In a commentary in support of Reeves’ position, former Gov. Haley Barbour, who was able to expend federal Hurricane Katrina funds without legislative interference, pointed to a state law that he said clearly gave him and would give Reeves the authority to spend the funds. The law, 27-104-21, which authorizes the escalating authority, goes on to say the funds can be spent “unless otherwise specified in the appropriation bill, the executive director of the Department of Finance and Administration shall have the authority to approve escalations in a budget using one hundred percent (100%) federal money.”

Reeves believes he can more efficiently spend the funds to address needs as they become available. He says the Legislature, which often is burdensome, cannot respond as quickly as he can.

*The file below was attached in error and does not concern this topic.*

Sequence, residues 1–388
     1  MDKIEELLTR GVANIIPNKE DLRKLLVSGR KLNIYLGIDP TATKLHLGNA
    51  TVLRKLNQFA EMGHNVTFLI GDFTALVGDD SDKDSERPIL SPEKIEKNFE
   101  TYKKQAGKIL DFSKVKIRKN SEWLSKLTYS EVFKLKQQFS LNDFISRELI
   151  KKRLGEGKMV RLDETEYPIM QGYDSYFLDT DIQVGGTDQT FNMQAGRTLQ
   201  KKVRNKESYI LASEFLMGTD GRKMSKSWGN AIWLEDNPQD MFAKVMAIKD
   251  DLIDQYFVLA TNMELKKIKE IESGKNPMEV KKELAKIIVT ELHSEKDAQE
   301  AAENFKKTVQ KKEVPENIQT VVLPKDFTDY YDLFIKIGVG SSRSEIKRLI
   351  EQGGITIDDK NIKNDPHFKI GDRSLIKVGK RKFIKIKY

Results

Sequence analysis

Reeves has at times lashed out at the Legislature saying in a worst case scenario their actions could result in people dying.

“This is power politics at its worse,” he said recently.

Legislators believe they are just doing their constitutional duty to appropriate state funds.

At any rate, legislators will be in session at least Thursday and Friday and will presumably take up a Reeves veto should one occur. Or another possibility in the often-complex legislative rules is a senator might try to make a motion to reconsider. If Lt. Gov. Delbert Hosemann recognizes that motion, it would have to be tabled and in essence the bill would have to be voted on again by the full Senate. If it was then approved by the Senate, it would go back to Reeves giving him an additional five days to veto it.

The bill to prevent the Republican Reeves from spending the money passed the Republican-contolled Legislature last week with no dissenting votes in the 122-member House and two no votes in the 52-member Senate.

It takes a two-thirds majority in both chambers to override a veto.

A bipartisan group of north Mississippi senators sent out a statement Wednesday, saying “Each of us wants to work with the governor for the next four years.  We simply don’t think it’s right for any one individual to have complete control over $1.25 billion.”